Depending on what file system and type of compression used in the device to analyze a set of different tools they will be used. Now, before removing the firmware of a device and delve into it, we must understand what the various ways in which we can access the firmware of a device IoT are.
The first thing to learn to perform a firmware analysis, is how to get hold of the device firmware. This depends on the device which we want to achieve.
The first way, the easiest and most common to get the device firmware is look on the Internet. Many manufacturers decide to put the firmware binary file that can be downloaded, either section of the device support or either in the download section. It is also very common to find the firmware in different discussion forums. For instance, on the website of TP-Link, if we look for any of the devices that the brand offers on the market, there is high probability that we find a link to download the firmware of the device.
The second way to get the firmware is an approach where we need physical access to the device. Thus, we must use different hardware exploitation techniques to dump the firmware of the device memory. Depending on the device, the level of protection can vary and the same must use other techniques to exploit hardware for binary firmware. Sometimes find that you can get the binary simply pouring it through a UART connection, in some cases you might have to use JTAG or in other cases we have to dump it from the flash chip.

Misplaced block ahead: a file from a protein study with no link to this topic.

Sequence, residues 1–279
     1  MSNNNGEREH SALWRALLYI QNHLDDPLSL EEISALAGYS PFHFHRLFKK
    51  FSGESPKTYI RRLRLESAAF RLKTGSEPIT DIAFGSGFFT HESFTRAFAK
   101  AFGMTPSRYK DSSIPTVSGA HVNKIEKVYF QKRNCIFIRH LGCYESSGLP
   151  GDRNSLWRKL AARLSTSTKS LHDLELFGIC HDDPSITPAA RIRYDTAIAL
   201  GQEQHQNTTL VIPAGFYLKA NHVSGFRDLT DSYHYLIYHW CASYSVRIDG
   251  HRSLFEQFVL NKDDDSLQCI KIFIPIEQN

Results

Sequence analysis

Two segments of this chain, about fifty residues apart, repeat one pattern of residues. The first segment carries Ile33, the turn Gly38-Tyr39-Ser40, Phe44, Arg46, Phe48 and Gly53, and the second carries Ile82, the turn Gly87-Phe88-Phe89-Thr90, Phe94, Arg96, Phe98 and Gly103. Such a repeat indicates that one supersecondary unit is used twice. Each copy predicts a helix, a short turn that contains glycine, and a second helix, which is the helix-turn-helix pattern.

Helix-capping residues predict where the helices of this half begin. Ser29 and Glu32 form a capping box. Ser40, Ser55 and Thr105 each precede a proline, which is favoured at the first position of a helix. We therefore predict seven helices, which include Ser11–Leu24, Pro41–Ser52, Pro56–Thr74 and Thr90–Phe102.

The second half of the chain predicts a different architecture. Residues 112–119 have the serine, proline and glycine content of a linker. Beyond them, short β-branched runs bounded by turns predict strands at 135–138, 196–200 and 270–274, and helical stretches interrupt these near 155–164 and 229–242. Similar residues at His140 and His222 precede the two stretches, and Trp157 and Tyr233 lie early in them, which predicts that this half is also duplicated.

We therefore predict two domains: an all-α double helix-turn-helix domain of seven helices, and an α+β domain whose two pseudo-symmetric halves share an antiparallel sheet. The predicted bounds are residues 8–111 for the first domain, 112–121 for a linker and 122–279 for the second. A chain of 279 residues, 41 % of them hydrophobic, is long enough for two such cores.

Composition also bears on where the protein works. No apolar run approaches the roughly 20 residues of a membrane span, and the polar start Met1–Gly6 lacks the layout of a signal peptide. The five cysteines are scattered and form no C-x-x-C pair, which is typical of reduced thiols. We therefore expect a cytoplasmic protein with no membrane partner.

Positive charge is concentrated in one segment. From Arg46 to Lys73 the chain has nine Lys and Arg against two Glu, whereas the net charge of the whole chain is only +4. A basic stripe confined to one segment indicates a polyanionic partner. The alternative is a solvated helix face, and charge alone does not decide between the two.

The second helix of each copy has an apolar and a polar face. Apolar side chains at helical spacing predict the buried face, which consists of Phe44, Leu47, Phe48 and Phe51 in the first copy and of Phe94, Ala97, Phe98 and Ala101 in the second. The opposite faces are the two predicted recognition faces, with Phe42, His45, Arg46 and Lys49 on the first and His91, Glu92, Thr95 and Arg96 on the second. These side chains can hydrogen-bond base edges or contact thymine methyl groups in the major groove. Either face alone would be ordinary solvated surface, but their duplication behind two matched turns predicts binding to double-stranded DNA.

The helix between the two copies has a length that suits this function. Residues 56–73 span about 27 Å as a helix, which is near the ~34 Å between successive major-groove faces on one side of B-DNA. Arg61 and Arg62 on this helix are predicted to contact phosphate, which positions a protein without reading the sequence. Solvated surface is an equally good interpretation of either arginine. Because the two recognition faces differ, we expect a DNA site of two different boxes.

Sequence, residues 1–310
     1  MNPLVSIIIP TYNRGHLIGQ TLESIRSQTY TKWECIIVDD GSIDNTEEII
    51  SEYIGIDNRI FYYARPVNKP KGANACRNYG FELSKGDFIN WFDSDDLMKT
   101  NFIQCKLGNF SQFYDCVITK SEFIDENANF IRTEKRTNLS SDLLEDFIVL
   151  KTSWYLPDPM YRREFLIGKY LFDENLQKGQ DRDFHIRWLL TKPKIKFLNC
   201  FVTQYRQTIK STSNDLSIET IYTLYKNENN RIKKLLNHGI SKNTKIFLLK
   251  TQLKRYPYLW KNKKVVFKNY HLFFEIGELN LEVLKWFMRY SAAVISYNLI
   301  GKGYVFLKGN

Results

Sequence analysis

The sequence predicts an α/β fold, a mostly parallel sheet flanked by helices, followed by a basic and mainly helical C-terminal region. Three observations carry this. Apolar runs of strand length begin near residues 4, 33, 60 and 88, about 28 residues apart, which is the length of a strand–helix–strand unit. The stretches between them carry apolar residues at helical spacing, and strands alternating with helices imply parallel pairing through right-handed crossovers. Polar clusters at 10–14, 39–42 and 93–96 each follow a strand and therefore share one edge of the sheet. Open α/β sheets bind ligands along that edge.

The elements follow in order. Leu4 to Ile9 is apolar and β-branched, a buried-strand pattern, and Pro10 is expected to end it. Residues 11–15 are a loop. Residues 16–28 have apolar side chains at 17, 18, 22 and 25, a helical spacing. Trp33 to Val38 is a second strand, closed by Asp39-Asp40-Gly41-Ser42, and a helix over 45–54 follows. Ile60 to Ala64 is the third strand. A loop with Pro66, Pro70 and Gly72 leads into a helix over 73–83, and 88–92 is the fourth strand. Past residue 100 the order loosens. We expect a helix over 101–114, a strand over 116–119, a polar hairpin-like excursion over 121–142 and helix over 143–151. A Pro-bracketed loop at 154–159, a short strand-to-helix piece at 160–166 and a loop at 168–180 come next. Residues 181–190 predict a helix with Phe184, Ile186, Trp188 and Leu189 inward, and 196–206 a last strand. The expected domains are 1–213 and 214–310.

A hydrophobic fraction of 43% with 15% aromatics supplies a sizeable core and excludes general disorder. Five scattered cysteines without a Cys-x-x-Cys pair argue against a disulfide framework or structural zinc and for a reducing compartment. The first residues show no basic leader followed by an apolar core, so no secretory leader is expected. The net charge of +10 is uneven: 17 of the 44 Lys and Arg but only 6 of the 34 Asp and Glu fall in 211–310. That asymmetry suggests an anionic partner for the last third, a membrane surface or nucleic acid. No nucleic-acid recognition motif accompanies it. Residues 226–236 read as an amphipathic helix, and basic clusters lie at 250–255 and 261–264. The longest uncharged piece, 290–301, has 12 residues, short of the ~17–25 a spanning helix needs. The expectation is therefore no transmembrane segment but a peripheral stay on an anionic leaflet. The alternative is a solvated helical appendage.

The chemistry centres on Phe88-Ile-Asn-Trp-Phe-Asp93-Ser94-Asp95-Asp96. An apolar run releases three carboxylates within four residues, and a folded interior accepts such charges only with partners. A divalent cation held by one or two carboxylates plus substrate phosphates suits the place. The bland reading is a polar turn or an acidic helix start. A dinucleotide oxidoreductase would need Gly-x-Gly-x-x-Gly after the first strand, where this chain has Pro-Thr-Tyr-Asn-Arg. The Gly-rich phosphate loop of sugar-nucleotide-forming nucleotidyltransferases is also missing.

The third way to get the firmware is by “sniffing OTA“, ie get binary while the device performs a firmware update. In this process we set up the interceptor network for the device, so that when the device requests to download the new firmware image, remove it from the network capture we have done. Clearly, this technique can have complications such as in the event that the file is downloading firmware is not complete, but a small update package, or we do not have configured the proxy continuously to intercept traffic.
The last technique to obtain the binary firmware is to reverse an application. This method implies that we analyze the Web and mobile applications of an IoT device, and from there, find a way to get the firmware.
Once you have the firmware binary, one of the most important things we can do it is extracting the file system image binary.